Virpi Suutari, emerging from the magic school of Finnish documentary cinema, doesn’t see welfare cases but individuals: Janne, Toni, Mira, Pete, and Make. While their stories, which almost inevitable lead downwards, are told, they begin to shine. The visuals are rough, nothing polished, the montage as impulsive as the protagonists’ emotions or the flash-like mobile phone images they shot themselves. Not a whiff of social romanticism, and yet the camera finds moments of purity, restfulness and warmth, a community that redefines the middle-class idea of the family. A child is born. It’s mostly owing to the power of Suutari’s narrative that this story ends in hope.

Grit Lemke



Prize of the Trade Union ver.di 2013

Escaping Realities 2017
Hobbyhorse Revolution Selma Vilhunen

Mariam aka Aisku is a prize winning athlete. She sacrifices a lot for her sport and she takes the risk of being laughed at. She specialises in hobbyhorsing.

Hobbyhorse Revolution

Documentary Film
Finland
2017
90 minutes
subtitles: 
English

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Elli Toivoniemi, Venla Hellstedt
Selma Vilhunen
Henrik Oja
Sari Aaltonen, Selma Vilhunen
Okku Nuutilainen
Selma Vilhunen, Okku Nuutilainen
Christoffer Demby
Mariam aka Aisku is a prize winning athlete. She sacrifices a lot for her sport, where she performs at championship level, and she takes the risk of being laughed at. She specialises in hobbyhorsing. Aisku also works as a coach. One of her charges, Elsa, reveals quite openly how this unusual hobby helps her cope with difficult times. Many other young women and girls like her demonstrate in this film that hobbyhorsing is not a children’s game but a means to recharge one’s batteries, gain recognition and experience the feeling of belonging. “Respect to the hobbyhorses!”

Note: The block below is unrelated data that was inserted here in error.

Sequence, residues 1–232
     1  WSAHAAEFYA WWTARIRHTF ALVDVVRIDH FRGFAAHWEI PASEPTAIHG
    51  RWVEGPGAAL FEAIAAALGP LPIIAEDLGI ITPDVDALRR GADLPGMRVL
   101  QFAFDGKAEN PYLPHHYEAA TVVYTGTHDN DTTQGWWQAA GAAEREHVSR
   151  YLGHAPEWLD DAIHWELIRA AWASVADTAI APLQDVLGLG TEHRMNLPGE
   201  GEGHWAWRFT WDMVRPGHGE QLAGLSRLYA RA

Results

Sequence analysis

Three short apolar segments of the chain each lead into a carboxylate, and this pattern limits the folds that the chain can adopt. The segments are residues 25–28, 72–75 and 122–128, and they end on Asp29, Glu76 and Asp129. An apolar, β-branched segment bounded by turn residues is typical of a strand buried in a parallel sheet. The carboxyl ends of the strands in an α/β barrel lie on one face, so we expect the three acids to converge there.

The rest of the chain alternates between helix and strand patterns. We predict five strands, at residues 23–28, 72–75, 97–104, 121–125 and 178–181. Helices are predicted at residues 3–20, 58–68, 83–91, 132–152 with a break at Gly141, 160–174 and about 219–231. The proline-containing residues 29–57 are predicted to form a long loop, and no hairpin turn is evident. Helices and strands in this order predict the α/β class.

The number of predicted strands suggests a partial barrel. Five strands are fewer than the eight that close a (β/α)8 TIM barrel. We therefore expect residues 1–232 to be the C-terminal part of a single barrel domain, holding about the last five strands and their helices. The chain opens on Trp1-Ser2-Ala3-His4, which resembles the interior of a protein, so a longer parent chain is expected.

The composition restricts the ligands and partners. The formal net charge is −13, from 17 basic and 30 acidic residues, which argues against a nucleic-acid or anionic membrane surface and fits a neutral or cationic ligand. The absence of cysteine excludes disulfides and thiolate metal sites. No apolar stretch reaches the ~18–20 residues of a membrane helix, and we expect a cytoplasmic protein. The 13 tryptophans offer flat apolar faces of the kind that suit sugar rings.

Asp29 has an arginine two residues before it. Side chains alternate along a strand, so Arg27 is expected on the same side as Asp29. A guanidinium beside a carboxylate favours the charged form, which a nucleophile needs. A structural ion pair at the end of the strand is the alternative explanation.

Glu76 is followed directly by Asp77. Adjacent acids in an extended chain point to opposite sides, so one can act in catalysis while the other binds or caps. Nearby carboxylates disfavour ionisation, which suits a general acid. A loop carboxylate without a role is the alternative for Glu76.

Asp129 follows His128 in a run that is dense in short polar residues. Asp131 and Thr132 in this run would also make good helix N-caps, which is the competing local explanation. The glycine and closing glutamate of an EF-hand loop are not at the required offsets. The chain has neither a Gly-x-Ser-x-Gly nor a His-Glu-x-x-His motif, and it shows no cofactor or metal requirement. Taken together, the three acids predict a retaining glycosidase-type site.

Kim Busch

Kaisa’s Enchanted Forest

Animadoc
Finland
2016
85 minutes
subtitles: 
English

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Joonas Berghäll, Satu Majava
Katja Gauriloff
Timo Peltola
Enrique Méndez, Heikki Färm
Timo Peltola
Veronika Besedina
Katja Gauriloff
Timo Peltola, Jukka Nurmela
A documentary fairytale with enchanting animations set in the land of the Skolt Sami people near the polar circle. The narrator is Kaisa, a charismatic storyteller and singer. The filmmaker Katja Gauriloff, her great-granddaughter, approaches her life from the perspective of a man who was initially a stranger: Robert Crottet, the Swiss writer who followed an urgent call he heard in a fever dream and went to Lapland in the 1930s, where he felt, as he wrote in his book “The Enchanted Forest”, “transported to a time when the separation between man and animal and the nature that surrounds us all was not as marked as in our day”. In Kaisa, who virtually adopted him, he found an enlightened representative of this Golden Age.

Over the years the two became soulmates. And like the Brothers Grimm, who produced their children’s and household tales in the 19th century by listening to oral traditions, Crottet recorded the myths and legends Kaisa told him and was increasingly filled and transformed by them. In the 1950s he also became the international ambassador of the nomadic Skolt Sami people while they were driven further and further north and forced to fight for survival.

Ralph Eue



Golden Dove International Competition Animated Documentary 2016